Talks and Poster Presentations (with Proceedings-Entry):
T. Thalmann, H.-B. Neuner:
"In-Field Calibrated Odometry for Skid-Steered Mobile Robots";
Talk: Machine Control and Guidance 2016,
- 2016-10-06; in: "Machine Control and Guidance 2016",
Paper ID 21,
Unmanned ground vehicles (UGVs) have gained more attention in the last few years for several applications, especially for Mobile Mapping applications. Compared to the very popular unmanned aerial vehicles (UAVs) those UGVs have some advantages, e.g. in legal restrictions or in areas with limited space for movements. Examples of applications are every kind of Indoor Mapping (e.g. for Building Information Modeling (BIM)), in mine and drilling applications, tube inspection or in forestry, when mapping trees. Skid-steered mobile robots (SSMRs) fit very well for such applications due to their robust mechanical structure and high maneuverability. Depending on the requirements of the mapping tasks it is necessary to determine the trajectory with the standard deviation of few centimeters. Wheel encoders are inherent sensors on SSMRs, and can be used in odometry and sensor fusion for localization and navigation of these mobile robots.
First, this study shows that the accuracy of the proprietary navigation solution of the used SSMR does not fulfill the above mentioned requirements. Different trajectories are analyzed for this purpose. Furthermore, an improved navigation solution which comprises two steps is proposed: first, several parametrization methods of the system state to improve filter performance, e.g. by providing better possibilities for filter tuning, are discussed. Secondly, the additional benefit of estimating slip coefficients using positioning techniques is assessed. In the last part a two-step in-field calibration routine is proposed and it is subsequently shown that external positioning support at the accuracy level of the navigation solution needs to be available only in a limited area (segment) of the trajectory.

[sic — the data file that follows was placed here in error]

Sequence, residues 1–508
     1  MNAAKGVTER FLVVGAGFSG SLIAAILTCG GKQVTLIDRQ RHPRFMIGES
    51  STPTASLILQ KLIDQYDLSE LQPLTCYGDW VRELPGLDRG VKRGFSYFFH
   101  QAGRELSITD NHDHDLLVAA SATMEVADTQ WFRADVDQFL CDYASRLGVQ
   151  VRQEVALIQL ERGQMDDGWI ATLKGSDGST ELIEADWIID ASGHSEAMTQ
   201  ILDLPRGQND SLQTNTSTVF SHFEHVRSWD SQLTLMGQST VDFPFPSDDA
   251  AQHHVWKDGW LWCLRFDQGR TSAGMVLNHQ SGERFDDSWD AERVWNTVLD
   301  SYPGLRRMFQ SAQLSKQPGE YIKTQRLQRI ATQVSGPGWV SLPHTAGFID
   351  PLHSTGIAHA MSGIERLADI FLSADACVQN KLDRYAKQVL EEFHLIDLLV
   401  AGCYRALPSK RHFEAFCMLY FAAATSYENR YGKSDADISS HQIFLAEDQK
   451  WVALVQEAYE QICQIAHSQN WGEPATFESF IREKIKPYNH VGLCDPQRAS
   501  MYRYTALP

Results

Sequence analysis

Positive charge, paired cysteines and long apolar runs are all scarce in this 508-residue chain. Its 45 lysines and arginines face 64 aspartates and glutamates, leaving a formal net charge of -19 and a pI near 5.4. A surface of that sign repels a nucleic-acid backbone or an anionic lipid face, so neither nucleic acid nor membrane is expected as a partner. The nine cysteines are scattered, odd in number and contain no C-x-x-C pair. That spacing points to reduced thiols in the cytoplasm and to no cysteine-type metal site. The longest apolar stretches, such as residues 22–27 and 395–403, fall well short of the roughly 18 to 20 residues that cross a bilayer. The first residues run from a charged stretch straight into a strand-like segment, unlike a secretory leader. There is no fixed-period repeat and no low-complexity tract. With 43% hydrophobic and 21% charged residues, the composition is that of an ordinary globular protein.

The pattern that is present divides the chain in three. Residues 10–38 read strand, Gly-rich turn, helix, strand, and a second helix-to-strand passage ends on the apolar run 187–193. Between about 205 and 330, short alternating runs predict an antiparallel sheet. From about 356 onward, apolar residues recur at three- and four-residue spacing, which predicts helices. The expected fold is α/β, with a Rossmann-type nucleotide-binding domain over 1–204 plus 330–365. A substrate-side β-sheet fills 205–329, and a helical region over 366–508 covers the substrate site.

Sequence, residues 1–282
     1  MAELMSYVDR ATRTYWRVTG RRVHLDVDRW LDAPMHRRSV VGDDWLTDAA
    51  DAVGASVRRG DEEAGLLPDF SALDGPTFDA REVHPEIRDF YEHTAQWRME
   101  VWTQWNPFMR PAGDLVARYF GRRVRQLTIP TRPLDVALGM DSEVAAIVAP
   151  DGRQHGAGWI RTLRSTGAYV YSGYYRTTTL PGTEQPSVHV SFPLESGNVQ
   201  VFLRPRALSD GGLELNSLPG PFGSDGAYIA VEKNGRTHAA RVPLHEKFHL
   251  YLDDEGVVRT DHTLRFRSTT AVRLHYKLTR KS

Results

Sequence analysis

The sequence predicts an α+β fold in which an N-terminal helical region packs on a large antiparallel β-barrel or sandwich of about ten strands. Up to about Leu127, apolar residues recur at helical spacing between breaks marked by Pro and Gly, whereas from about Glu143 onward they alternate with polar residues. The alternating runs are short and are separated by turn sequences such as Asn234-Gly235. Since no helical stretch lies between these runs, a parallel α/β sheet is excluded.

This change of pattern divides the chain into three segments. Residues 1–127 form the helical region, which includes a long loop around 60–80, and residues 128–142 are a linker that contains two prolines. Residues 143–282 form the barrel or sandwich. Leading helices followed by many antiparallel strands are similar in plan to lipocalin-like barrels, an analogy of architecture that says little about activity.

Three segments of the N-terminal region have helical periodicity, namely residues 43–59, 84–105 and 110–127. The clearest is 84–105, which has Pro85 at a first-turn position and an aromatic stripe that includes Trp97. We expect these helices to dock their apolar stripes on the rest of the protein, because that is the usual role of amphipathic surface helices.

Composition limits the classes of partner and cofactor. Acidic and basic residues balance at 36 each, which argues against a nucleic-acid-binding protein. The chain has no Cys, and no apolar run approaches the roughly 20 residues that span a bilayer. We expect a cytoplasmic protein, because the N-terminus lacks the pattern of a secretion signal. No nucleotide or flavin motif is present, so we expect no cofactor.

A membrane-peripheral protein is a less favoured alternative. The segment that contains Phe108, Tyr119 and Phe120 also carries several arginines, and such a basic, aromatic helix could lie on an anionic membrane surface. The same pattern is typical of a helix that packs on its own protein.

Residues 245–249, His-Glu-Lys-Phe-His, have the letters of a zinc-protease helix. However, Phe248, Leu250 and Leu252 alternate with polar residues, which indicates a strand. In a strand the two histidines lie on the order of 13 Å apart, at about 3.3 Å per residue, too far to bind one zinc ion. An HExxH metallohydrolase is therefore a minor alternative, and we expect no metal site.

In this work a target tracking tachymeter is used to provide ground truth trajectory to estimate the amount of slippage and to assess the performance of the existing proprietary navigation solution as well. The used parametrization methods of the system state are based on the odometry models from Wong  and Aussems . Several parametrization techniques are also treated and it is shown that a different approach using one translational velocity and a differential velocity instead of the side velocities left and right respectively has a beneficial effect on filter performance and on the overall navigation solution. Conventional odometry methods are insufficient and unreliable for standalone pose determination because they do not account for the slippage between the wheels and the ground when steering the mobile robot. This is why in the 2nd improvement step of the navigation solution slippage compensating models using slip ratios left and right for tracked vehicles proposed by Endo et. al  are applied for SSMRs. The model including the slip coefficients is formulated as an Extended Kalman Filter (EKF) together with tachymetry or any other positioning technique with sufficient accuracy, e.g. GNSS or RFID, depending on their availability.
A two-phase algorithm is proposed for a better usage of odometry data. The first phase is used to determine and identify slip coefficients in-situ while the robot is in the field of view of the tachymeter. Like this, local properties of the ground/soil can be examined as well as current load properties of the robot. This is the essence of the executed odometry calibration. In the second phase an autonomous drive without external support is carried out. Assuming similar underground consistency within operating area the slip coefficients can be assumed similar too, which is used to improve the standalone odometry navigation solution. Tachymetry is used in the 2nd phase to provide ground truth trajectory for evaluation, but is not included in the EKF computation.
It is shown, that the extended odometry model is able to reduce the stand-alone odometry position error by at least 50% after in-situ calibration. Furthermore contribution of calibrated odometry observations to future sensor integration (e.g. with an IMU) is improved.
Unmanned ground vehicles, Odometry, Extended Kalman Filter, Slip Coefficients
Created from the Publication Database of the Vienna University of Technology.